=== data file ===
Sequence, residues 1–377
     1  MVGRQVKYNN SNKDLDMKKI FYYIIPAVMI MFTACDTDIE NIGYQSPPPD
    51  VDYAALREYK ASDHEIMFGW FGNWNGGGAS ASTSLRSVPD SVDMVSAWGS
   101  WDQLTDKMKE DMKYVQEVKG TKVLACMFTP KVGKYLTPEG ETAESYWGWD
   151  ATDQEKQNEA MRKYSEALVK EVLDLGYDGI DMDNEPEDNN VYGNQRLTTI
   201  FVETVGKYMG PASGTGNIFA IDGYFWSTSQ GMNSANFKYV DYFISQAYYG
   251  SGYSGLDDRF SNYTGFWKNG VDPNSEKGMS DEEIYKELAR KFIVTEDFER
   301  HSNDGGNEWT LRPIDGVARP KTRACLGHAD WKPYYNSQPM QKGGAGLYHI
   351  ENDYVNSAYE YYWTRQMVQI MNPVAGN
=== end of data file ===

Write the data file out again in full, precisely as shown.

Sequence, residues 1–377
     1  MVGRQVKYNN SNKDLDMKKI FYYIIPAVMI MFTACDTDIE NIGYQSPPPD
    51  VDYAALREYK ASDHEIMFGW FGNWNGGGAS ASTSLRSVPD SVDMVSAWGS
   101  WDQLTDKMKE DMKYVQEVKG TKVLACMFTP KVGKYLTPEG ETAESYWGWD
   151  ATDQEKQNEA MRKYSEALVK EVLDLGYDGI DMDNEPEDNN VYGNQRLTTI
   201  FVETVGKYMG PASGTGNIFA IDGYFWSTSQ GMNSANFKYV DYFISQAYYG
   251  SGYSGLDDRF SNYTGFWKNG VDPNSEKGMS DEEIYKELAR KFIVTEDFER
   301  HSNDGGNEWT LRPIDGVARP KTRACLGHAD WKPYYNSQPM QKGGAGLYHI
   351  ENDYVNSAYE YYWTRQMVQI MNPVAGN